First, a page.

Construction of Giant Magellan Telescope advances in Chile
August 29, 2018
By Elton Alisson | Agência FAPESP – At the end of June 2018, hard rock excavation began at a building site on Las Campanas Peak, over 2,500 meters above sea level in Chile’s Atacama Desert, to prepare the concrete pier and enclosure foundations for the Giant Magellan Telescope (GMT).
Expected to see first light in 2024, the GMT will be part of a new generation of ground-based extremely large telescopes capable of unprecedented clarity and sensitivity in observing astrophysical phenomena such as the origins of the chemical elements and the formation of the first stars and galaxies.
The international consortium established to manage the GMT’s development, construction and operation has faced a number of technological and funding challenges in making the project feasible.
Visiting Brazil this week for meetings with the community of São Paulo State researchers who are participating in the consortium with support from FAPESP, US physicist Robert Shelton, president of the GMTO Corporation (GMTO), delivered a presentation on August 6 at the University of São Paulo’s Institute of Astronomy, Geophysics and Atmospheric Sciences (IAG/USP).
Shelton spoke about the current status of the project and the challenges posed by construction of the observatory.
“The GMT has entered a very exciting stage. At last, some things are starting to materialize, and we have visible manifestations of incredible developments relating to the telescope,” Shelton told Agência FAPESP.
The first mirror is now ready. The GMT will have seven mirror segments, each with a diameter of 8 meters. They will be integrated to form a primary mirror with an effective aperture of 25.4 meters. The second segment is nearing completion and has been polished more quickly than the first.
The third and fourth segments, which will be integrated with the others when the telescope starts operating, should be cast soon. In addition, the glass for the fifth, sixth and seventh segments is now available.
“[The availability of glass for mirror casting] is important because there’s only one supplier of this material in the world. It’s a Japanese firm. We’ve bought 20 tons of this glass and we’ll use about 18 tons to make the seven mirror segments. Being in possession of this material reduces any risk to the completion of the mirror construction stage,” Shelton said.
The entire GMT site has been leveled; the construction of access roads, dormitories and power and water supply stations is complete; and internet service provision is assured.
The consortium is now finishing work on the telescope’s design. The housing will be 61 meters high (equivalent to a 22-story building), and the telescope itself will weigh 1,100 tons.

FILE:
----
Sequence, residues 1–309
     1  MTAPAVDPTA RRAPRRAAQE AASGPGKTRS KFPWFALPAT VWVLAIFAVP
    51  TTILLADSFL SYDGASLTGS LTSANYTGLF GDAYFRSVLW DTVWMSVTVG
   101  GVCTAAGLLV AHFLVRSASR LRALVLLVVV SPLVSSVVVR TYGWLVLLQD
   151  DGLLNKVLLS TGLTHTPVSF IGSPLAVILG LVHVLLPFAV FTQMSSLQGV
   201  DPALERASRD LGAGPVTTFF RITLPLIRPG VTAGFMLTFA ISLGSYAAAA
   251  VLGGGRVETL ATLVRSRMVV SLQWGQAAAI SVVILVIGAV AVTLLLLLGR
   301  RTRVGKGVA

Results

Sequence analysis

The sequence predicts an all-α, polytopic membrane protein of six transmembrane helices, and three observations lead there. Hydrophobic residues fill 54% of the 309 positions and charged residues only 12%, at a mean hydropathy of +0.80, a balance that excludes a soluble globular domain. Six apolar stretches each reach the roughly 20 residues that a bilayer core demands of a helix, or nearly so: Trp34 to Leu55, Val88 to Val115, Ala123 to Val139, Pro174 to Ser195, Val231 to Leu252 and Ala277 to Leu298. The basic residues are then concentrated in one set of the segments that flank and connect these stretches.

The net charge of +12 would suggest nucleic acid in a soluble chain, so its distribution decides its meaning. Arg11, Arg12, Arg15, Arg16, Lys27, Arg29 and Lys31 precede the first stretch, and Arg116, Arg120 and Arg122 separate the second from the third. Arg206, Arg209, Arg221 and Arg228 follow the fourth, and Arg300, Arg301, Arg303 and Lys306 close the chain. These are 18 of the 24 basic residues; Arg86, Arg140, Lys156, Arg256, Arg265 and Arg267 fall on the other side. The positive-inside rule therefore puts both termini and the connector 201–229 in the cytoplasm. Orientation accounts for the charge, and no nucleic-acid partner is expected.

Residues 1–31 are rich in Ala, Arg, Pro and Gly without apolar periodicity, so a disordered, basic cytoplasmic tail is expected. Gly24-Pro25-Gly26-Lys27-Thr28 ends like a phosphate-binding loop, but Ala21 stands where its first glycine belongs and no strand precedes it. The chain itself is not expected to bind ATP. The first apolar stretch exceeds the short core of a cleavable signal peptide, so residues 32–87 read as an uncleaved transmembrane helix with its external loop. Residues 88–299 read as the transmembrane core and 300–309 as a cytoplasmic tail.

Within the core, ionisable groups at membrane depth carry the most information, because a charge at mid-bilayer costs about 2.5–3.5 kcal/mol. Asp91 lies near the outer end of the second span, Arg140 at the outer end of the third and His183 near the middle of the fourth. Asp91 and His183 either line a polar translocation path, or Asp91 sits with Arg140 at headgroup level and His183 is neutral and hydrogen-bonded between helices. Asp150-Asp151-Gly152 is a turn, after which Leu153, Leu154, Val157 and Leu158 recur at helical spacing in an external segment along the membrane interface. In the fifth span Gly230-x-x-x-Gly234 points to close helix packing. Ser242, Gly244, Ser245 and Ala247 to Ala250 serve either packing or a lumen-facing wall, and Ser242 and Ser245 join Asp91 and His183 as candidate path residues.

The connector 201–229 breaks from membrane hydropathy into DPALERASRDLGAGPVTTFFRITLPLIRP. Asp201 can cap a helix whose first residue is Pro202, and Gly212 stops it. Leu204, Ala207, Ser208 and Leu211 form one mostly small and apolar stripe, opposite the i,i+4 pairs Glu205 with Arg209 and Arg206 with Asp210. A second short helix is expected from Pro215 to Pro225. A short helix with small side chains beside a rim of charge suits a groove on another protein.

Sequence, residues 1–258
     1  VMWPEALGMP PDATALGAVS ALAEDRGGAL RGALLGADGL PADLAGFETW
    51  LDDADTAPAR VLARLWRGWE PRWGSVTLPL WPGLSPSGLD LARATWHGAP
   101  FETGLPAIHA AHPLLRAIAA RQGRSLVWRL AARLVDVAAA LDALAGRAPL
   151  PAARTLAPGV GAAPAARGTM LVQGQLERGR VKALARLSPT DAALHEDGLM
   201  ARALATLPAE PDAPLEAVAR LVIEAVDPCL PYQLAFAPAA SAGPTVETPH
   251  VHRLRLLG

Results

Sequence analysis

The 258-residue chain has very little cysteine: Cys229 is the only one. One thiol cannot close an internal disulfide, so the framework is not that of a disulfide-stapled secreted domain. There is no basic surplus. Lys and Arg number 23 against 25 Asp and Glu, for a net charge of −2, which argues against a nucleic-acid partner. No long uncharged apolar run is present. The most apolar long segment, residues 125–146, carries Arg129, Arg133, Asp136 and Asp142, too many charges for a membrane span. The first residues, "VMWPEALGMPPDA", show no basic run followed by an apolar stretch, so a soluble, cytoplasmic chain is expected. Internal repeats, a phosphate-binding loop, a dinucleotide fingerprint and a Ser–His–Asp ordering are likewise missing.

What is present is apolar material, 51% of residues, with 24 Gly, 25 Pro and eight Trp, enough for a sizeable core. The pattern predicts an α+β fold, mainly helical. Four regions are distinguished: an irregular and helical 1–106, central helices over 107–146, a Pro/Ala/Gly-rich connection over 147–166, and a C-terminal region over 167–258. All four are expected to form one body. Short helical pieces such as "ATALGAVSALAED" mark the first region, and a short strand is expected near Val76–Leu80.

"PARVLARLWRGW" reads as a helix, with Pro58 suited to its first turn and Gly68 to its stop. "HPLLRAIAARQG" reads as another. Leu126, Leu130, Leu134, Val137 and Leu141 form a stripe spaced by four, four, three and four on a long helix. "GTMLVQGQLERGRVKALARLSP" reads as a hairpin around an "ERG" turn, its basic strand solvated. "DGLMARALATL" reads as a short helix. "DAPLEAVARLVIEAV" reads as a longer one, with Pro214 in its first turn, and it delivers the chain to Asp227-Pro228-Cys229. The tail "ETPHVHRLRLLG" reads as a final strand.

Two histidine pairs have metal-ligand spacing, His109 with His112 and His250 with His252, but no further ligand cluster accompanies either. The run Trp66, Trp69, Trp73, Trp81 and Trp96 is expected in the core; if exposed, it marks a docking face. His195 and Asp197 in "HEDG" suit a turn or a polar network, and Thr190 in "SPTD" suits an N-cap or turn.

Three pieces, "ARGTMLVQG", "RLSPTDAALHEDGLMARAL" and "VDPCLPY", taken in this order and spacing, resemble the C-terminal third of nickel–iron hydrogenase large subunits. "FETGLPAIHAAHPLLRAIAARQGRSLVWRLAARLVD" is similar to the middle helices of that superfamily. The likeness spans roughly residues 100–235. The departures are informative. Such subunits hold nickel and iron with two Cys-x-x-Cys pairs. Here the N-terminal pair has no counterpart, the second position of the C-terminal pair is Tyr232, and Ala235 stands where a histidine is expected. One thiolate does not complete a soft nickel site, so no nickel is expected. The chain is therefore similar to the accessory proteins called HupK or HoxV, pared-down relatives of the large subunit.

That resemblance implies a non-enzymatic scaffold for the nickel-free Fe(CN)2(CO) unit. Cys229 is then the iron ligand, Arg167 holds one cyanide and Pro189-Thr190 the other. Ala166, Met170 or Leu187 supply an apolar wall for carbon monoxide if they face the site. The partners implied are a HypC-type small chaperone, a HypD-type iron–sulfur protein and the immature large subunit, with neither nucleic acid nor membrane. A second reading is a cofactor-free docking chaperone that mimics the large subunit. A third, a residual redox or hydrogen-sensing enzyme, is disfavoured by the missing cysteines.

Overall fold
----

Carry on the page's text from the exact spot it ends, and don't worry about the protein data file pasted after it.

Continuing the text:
The second stage of design and construction is scheduled to begin during the current year (2018) and will consist of finalization of the design and the fabrication, testing and installation of the instrument in the Las Campanas observatory.
“There are many complicating factors in the telescope assembly stage, such as seismic activity in Chile. Fortunately or unfortunately, California [where GTMO’s headquarters are located, in Pasadena] is also in a region with seismic activity, and we’ve been able to take advantage of some technologies already used there,” Shelton said.
The solution to be used by the company responsible for designing the GMT to isolate the telescope from ground vibrations will consist of installing flexible bearings known as base isolators below ground in the concrete pier that forms the base of the telescope, so that it moves only a little during an earthquake.
“The seismic base isolators that will be installed in the GMT’s pier will be similar to those installed in the foundations of Pasadena City Hall to protect it from earthquakes,” Shelton said.
Another challenge posed by the construction of the telescope will be the integration of the seven primary mirror segments, which must be correctly spaced and integrated so that the gaps between them are uniform.
“We’re making great progress with construction of the GMT, but there are still major challenges. One of them is getting sufficient funding for the project,” Shelton said.
Partnership with TMT
The cost of the GMT is estimated at US$1 billion. GMTO has so far raised approximately US$520 million. To win funding from the National Science Foundation (NSF), one of the leading US research funding agencies, GMTO decided in May 2018 to join forces with a rival project, the Thirty Meter Telescope (TMT), scheduled for construction on Mauna Kea in Hawaii.
The partnership, approved by the boards of GMTO and TMT, calls for at least 25% of each telescope’s observing time to be available to the US astrophysics community, including scientists from nonparticipating institutions. Under previous plans, observing time was available only to researchers from nations or institutions that had provided funding.
One of the arguments used by the GMTO and TMT to defend the construction of two extremely large telescopes concomitantly is that they have complementary strengths and that having telescopes in both the northern and southern hemispheres will cover the whole sky, extending the projects’ scientific reach.
“The GMT and TMT have proceeded separately, but they’re both great projects that involve and will benefit the entire astronomy community,” Shelton said.
FAPESP will invest US$40 million in the GMT, or approximately 4% of the total estimated cost. This investment will guarantee 4% of the telescope’s operating time for studies by researchers from São Paulo State.
More information: www.gmto.org.Republish
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